On Saturday, October 9, 2023, a free pop-up pet clinic was set up in Portland’s Old Town neighborhood to provide veterinary care and supplies to the homeless people and their pets. The clinic was hosted by veterinarian Dr. Robert Mack, alongside the Oregon Humane Society, and offered services such as vaccinations, microchipping, flea and tick treatment, nail trimming, and grooming. The clinic also distributed pet food, leashes, collars, harnesses, toys, and blankets to the attendees.
Dr. Mack said he was inspired to organize the clinic after seeing the bond between the homeless people and their pets. He said he wanted to help them keep their pets healthy and happy, as they provide emotional support and companionship to their owners. He also said he hoped to raise awareness about the challenges faced by the homeless population and their pets, and to encourage more people to get involved in helping them.
The clinic was well-received by the homeless people and their pets, who lined up outside the tent to get their turn. Some of the pets were nervous or scared at first, but they soon relaxed after getting some treats and attention from the staff. The owners expressed their gratitude for the free care and supplies, saying that they often struggle to afford or access veterinary services for their pets.
A growing need for pet-friendly resources for the homeless
According to a 2019 study by Portland State University, about 10% of the homeless people in Portland have pets, mostly dogs and cats. The study found that having a pet can help the homeless cope with stress, loneliness, and depression, as well as provide protection and security. However, having a pet can also pose some challenges, such as finding shelter, food, and medical care for their animals.
The study recommended that more pet-friendly resources be made available for the homeless population, such as shelters that allow pets, mobile veterinary clinics, pet food banks, and pet-friendly public spaces. The study also suggested that more education and outreach be done to inform the homeless people about the benefits of spaying and neutering their pets, as well as the legal requirements and responsibilities of pet ownership.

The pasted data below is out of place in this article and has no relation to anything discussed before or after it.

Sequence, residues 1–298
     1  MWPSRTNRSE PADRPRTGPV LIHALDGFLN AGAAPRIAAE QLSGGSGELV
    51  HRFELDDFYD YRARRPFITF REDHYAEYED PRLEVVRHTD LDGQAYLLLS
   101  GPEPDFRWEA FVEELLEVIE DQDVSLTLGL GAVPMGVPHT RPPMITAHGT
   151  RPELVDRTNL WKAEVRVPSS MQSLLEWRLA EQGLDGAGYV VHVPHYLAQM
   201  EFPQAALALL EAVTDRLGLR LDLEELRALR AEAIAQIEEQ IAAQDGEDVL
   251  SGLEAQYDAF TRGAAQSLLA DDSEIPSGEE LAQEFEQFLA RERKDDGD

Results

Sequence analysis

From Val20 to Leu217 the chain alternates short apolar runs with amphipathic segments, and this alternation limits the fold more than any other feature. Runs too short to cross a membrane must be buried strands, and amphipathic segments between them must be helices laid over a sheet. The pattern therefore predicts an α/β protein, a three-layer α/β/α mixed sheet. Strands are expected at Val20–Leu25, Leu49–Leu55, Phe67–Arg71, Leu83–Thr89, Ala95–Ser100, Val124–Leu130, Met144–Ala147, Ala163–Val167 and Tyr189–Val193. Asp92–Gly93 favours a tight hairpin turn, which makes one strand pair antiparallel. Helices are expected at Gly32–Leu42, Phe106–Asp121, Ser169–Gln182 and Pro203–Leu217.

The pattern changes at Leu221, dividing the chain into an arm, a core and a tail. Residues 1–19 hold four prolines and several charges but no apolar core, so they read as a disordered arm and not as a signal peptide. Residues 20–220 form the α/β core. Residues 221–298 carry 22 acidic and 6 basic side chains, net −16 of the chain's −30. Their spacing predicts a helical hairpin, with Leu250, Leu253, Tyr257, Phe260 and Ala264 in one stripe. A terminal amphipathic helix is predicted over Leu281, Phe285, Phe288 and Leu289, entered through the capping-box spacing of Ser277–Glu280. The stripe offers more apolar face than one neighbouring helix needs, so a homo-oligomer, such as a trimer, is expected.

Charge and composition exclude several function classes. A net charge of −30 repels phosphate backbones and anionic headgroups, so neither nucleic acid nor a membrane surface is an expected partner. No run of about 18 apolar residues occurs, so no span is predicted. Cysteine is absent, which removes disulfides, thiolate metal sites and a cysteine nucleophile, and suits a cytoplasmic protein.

The free pop-up pet clinic was one of the initiatives that aimed to address some of these needs. Dr. Mack said he planned to host more clinics in the future, as well as partner with other organizations that serve the homeless community. He said he hoped that his clinic would inspire other veterinarians and animal lovers to volunteer their time and skills to help the homeless people and their pets.
A positive impact on both humans and animals
The free pop-up pet clinic not only provided essential care and supplies for the pets of the homeless people, but also created a positive impact on both humans and animals. The clinic gave the homeless people an opportunity to interact with other pet owners, as well as with the staff and volunteers who showed them kindness and compassion. The clinic also gave the pets a chance to socialize with other animals, as well as receive some pampering and affection from the staff.
The clinic also helped to improve the public perception of the homeless people and their pets, by showing that they are not a nuisance or a threat, but rather a vulnerable group that needs support and assistance. The clinic also helped to promote responsible pet ownership among the homeless people, by educating them about the importance of vaccination, microchipping, spaying and neutering, and proper care for their animals.
The free pop-up pet clinic was a successful event that demonstrated how a simple gesture of compassion can make a big difference in the lives of both humans and animals. The clinic was a testament to the power of love and friendship between the homeless people and their pets, as well as between them and their community.